An impressive group of right-leaning technocrats has signed an open letter to Ben Bernanke, objecting to his adoption of QE2. And it’s hard to disagree with what they have to say:
Mark Coatney has joined at least one Newsweek.com staffer in presenting a very cogent case for saving Newsweek.com on Tumblr. Their points about SEO, and about the long tail of Newsweek.com’s archives, and about the relationship with MSN, and about the relationship with advertisers in Newsweek magazine, are all well taken.
One of the positive effects of the deficit commission report is the way that it has brought the stupid mortgage-interest exemption back into the spotlight. David Kocieniewski’s article in the NYT is very good, although I don’t understand why simple statements of fact have to be attributed to anonymous “experts” or “economists”:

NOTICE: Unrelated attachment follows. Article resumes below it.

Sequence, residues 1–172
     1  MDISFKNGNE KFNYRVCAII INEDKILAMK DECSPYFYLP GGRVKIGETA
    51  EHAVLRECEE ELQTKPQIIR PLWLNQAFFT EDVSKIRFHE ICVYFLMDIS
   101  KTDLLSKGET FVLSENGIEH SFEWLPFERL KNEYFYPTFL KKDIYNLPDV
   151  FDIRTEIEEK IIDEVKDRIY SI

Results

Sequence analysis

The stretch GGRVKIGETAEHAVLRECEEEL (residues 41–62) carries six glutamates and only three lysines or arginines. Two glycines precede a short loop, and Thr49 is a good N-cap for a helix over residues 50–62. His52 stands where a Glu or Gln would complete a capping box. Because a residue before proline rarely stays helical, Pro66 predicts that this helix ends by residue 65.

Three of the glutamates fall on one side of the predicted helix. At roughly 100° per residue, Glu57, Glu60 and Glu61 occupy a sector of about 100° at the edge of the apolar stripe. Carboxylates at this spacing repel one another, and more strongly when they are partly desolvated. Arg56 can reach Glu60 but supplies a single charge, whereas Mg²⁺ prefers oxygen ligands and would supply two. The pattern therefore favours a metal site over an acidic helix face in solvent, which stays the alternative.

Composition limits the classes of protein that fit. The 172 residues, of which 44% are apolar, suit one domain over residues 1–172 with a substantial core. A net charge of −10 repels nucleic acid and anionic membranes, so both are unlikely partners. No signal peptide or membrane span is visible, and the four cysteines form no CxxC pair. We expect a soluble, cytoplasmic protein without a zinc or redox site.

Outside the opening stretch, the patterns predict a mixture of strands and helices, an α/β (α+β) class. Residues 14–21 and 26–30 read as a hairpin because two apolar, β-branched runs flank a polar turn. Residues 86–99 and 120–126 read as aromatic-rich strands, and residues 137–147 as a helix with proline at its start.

The NYT has erred in the past, but generally it’s good about reporting prices paid at auction: the amount that the winning bidder pays for the item in question is the amount that the item sold for. That amount is then split between the person consigning the item to auction; the auctioneer; and, of course, the taxman. In the case of that Chinese vase, the hammer price was £43 million, the auctioneer charged £8.6 million commission; and the buyer also had to pay 17.5 percent sales tax on the commission, for a total of £53,105,000, or $85.9 million.